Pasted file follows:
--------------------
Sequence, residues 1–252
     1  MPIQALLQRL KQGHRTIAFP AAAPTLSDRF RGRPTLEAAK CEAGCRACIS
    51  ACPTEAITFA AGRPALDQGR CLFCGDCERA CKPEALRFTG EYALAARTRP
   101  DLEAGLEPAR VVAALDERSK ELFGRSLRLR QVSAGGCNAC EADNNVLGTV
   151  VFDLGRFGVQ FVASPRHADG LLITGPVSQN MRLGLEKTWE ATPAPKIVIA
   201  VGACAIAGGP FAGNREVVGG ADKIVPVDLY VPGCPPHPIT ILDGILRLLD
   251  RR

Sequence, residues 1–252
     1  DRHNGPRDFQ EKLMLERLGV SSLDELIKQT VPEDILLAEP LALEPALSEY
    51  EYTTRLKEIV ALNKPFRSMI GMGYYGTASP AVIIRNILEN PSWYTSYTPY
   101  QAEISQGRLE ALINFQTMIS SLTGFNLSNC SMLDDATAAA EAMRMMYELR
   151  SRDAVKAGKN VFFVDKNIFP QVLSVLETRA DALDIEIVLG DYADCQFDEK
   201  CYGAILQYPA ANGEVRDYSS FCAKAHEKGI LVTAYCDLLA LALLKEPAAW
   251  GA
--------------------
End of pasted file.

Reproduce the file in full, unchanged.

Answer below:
Sequence, residues 1–252
     1  MPIQALLQRL KQGHRTIAFP AAAPTLSDRF RGRPTLEAAK CEAGCRACIS
    51  ACPTEAITFA AGRPALDQGR CLFCGDCERA CKPEALRFTG EYALAARTRP
   101  DLEAGLEPAR VVAALDERSK ELFGRSLRLR QVSAGGCNAC EADNNVLGTV
   151  VFDLGRFGVQ FVASPRHADG LLITGPVSQN MRLGLEKTWE ATPAPKIVIA
   201  VGACAIAGGP FAGNREVVGG ADKIVPVDLY VPGCPPHPIT ILDGILRLLD
   251  RR

Sequence, residues 1–252
     1  DRHNGPRDFQ EKLMLERLGV SSLDELIKQT VPEDILLAEP LALEPALSEY
    51  EYTTRLKEIV ALNKPFRSMI GMGYYGTASP AVIIRNILEN PSWYTSYTPY
   101  QAEISQGRLE ALINFQTMIS SLTGFNLSNC SMLDDATAAA EAMRMMYELR
   151  SRDAVKAGKN VFFVDKNIFP QVLSVLETRA DALDIEIVLG DYADCQFDEK
   201  CYGAILQYPA ANGEVRDYSS FCAKAHEKGI LVTAYCDLLA LALLKEPAAW
   251  GA